DCMS blog

How technology is connecting the most rural areas

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Stephen Leese

Precision Decisions and 5GRIT partner


Do you work in farming? Drive tractors? Tend animals?

If so, you probably spend more and more time alone. Modern machinery is full of automation such that you can spend hours alone in the tractor without seeing or hearing from anyone all day. Nor can you contact anyone, because there is no signal in the field. The same applies to hill-land sheep and beef farmers where the animals are extensively grazed. There is frequently no signal, and that isolation can lead to feelings of loneliness and can also be dangerous if an accident has occurred out of sight of home and buildings. Just how do you call for help?

art rural landscape. field and grass

Changes in farming:

Farming has changed a lot over the last 50 or 60 years. Back then, most people in a village worked on the local farm or knew someone who did. The farming communities were integrated with rural life. People knew each other and in doing so, looked out for each other. Stories were shared, births celebrated, funerals attended. Everyone would regularly meet at the local market to get up to date on the latest news. People cared for each other.

There were no mobile phones then, and yet in some ways, rural communities were more connected then than they are in today’s world of Facebook and Twitter and generally twenty-four-hour communications. Communications which are, of course, only useful if you have a signal.

Tractor in a field

As a farmer or farm worker, you will work alone for long periods. Alone with your thoughts. And if you have a stressful issue in your life, maybe personal, financial or health, then there is no-one to share your thoughts with. And being alone with these negative thoughts can magnify them beyond all proportion, as you have no-one there to put the issue into perspective. A problem shared is a problem halved is often a true statement and we all know how much better we feel if we have talked an issue through with someone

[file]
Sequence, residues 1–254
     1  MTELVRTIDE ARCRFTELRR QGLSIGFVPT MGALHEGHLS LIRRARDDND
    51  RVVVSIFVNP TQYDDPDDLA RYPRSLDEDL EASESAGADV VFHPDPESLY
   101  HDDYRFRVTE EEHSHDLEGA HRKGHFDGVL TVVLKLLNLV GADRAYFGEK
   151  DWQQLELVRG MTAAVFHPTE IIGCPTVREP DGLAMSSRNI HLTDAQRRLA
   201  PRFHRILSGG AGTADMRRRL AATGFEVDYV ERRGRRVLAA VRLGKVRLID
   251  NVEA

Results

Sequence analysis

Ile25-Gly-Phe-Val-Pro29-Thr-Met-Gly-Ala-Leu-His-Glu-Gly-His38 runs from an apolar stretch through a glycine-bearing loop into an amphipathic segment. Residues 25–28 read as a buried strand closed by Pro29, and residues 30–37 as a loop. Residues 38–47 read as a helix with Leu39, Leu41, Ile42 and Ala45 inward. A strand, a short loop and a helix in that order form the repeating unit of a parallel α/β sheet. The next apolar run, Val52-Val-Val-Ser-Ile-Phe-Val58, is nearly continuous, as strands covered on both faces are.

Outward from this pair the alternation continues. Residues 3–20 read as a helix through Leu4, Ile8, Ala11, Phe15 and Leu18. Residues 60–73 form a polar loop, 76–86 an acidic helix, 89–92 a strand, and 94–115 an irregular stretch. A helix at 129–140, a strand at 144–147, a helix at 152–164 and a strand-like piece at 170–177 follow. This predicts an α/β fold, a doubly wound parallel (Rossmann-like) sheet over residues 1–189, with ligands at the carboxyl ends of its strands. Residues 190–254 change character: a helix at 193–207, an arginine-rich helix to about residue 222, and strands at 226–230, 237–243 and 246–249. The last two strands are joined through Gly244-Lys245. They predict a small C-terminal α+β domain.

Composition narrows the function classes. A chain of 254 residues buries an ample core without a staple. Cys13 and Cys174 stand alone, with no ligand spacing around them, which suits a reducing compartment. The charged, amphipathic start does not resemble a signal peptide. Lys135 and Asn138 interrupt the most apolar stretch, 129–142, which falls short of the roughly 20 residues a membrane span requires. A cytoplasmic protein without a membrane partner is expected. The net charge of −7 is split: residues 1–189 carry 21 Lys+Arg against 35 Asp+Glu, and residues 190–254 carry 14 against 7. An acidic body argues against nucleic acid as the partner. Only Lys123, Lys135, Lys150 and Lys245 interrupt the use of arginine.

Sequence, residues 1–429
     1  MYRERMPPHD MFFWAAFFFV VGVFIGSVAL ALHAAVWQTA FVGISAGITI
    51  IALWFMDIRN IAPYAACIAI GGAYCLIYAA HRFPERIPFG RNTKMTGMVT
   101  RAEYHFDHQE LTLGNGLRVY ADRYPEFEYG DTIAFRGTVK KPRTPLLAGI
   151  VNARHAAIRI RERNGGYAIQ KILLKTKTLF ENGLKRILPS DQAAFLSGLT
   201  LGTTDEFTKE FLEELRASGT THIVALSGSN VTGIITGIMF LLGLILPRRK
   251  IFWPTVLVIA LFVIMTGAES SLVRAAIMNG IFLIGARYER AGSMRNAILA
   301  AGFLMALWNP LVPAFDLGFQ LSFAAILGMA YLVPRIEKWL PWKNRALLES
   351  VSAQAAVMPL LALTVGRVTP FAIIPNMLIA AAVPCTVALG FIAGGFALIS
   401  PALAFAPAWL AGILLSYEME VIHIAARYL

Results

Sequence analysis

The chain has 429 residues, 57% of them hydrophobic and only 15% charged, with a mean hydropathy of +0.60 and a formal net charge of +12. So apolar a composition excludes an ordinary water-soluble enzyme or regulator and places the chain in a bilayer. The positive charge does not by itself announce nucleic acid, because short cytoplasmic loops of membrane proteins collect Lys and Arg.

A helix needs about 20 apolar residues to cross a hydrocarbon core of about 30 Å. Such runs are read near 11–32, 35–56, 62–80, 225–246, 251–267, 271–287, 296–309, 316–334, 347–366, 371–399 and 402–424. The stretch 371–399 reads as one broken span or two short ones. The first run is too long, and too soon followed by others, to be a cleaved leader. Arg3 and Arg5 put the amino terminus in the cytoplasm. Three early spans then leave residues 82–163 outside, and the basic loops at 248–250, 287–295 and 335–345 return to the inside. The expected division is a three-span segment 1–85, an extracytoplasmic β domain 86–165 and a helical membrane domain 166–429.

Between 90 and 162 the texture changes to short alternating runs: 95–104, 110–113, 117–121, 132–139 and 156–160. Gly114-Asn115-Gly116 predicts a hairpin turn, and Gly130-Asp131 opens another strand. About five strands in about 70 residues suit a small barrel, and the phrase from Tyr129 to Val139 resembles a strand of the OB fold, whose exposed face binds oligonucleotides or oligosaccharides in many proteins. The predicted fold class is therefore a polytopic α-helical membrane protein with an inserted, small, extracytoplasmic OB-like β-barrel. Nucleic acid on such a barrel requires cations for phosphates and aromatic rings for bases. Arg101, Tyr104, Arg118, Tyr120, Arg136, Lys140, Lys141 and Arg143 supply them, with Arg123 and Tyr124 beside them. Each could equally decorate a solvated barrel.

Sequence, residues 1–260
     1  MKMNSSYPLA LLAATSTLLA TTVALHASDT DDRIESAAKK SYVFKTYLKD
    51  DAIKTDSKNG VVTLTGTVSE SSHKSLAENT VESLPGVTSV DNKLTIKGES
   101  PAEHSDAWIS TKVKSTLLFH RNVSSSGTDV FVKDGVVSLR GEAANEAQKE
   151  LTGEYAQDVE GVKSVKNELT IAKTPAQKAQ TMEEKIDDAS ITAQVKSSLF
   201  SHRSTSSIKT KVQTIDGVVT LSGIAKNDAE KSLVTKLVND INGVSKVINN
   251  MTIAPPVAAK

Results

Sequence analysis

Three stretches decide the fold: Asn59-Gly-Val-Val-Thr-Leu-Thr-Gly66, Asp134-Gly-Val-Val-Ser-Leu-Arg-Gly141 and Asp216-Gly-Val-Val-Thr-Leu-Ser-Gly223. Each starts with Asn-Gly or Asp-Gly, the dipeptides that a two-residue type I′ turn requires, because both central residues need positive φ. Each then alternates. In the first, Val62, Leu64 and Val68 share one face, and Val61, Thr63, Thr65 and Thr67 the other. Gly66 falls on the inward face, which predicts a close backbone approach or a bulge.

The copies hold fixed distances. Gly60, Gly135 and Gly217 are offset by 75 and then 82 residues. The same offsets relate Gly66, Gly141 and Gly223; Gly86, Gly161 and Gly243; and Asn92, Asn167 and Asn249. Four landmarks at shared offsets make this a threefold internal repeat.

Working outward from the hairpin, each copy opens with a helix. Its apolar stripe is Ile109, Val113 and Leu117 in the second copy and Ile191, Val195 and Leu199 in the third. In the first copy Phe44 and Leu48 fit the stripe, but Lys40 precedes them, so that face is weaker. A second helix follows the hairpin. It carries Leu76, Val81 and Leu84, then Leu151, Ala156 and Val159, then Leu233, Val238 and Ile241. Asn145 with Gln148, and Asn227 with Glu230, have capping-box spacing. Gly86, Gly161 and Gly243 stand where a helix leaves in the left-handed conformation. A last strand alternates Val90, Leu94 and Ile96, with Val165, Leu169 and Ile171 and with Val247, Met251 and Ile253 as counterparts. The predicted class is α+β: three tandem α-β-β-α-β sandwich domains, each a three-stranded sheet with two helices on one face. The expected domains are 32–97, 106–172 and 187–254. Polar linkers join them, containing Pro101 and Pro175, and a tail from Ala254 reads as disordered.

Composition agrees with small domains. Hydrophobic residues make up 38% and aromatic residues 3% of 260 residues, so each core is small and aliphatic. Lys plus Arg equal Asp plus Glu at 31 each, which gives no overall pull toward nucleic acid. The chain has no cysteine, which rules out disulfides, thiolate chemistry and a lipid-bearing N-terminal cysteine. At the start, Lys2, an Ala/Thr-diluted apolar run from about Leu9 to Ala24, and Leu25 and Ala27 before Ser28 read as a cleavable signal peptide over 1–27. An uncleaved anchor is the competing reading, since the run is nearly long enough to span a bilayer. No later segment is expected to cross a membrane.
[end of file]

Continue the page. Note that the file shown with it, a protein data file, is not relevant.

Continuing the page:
No signal though means that this sharing is not possible, often for hours at a time.

Around the world, stress and difficulties in farming communities are leading to higher than average suicide rates. And a lack of or poor communication possibilities is certainly a factor in this.

And reading this, you may feel that it doesn’t apply to you. You have a happy and stable life and might even be pleased about the peace and quiet you can have on a tractor miles from base. But others may not be so lucky and need more frequent opportunities to chat.


Tractor in a field

Harnessing technology to connect people:

The Department for Digital, Culture, Media and Sport (DCMS) recognises these issues and is funding a number of initiatives to help better connect rural communities. The projects are looking at the new 5G technology which can enable high speed connectivity through a mobile device. With this, you would not only be able to phone home from the middle of the field, you would also be able to see and talk to loved ones via a video link. As a farmer or machine operator, you will be able to exchange information about conditions and settings just as if the two of you were standing next to each other.

The goal of DCMS is to make rural communications as accessible as those in urban areas. The benefit in rural communities is higher than in cities, where 5G is often perceived as just a faster way to download the latest episodes of your favourite TV series. The project teams believe that enhanced communication of this kind can change the rural way of life, bringing it almost back to the way it was all those years ago. There are many health benefits long the way, both in general terms and particularly for mental health issues.

And it may even save lives.

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